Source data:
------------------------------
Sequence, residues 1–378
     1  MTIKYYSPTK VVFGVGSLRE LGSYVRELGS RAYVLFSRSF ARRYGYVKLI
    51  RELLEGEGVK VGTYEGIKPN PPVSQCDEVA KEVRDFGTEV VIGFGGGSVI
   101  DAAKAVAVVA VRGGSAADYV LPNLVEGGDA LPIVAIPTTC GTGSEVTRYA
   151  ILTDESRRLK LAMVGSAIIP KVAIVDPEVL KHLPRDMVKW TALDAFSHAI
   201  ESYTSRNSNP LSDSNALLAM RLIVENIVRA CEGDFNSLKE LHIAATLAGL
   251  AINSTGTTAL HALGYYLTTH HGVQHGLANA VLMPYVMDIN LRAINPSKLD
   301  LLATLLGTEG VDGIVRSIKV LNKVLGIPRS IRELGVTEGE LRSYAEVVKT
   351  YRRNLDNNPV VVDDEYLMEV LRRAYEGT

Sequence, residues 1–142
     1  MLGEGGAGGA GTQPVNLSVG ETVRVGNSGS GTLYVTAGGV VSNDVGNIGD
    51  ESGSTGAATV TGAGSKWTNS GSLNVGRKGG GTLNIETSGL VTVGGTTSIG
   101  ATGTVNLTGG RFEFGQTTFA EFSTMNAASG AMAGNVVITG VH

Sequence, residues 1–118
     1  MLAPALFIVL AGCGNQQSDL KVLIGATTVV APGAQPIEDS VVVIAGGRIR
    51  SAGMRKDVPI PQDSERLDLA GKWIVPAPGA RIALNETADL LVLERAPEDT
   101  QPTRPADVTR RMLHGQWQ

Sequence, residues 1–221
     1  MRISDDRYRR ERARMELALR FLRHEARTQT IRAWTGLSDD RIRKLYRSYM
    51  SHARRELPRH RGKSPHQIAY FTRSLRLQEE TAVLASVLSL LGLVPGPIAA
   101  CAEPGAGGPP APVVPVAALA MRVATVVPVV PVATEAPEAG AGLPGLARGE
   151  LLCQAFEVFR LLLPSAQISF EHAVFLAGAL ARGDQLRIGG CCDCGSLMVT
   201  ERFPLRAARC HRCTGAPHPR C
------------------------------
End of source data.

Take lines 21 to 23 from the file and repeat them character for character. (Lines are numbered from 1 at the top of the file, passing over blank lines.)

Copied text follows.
   101  CAEPGAGGPP APVVPVAALA MRVATVVPVV PVATEAPEAG AGLPGLARGE
   151  LLCQAFEVFR LLLPSAQISF EHAVFLAGAL ARGDQLRIGG CCDCGSLMVT
   201  ERFPLRAARC HRCTGAPHPR C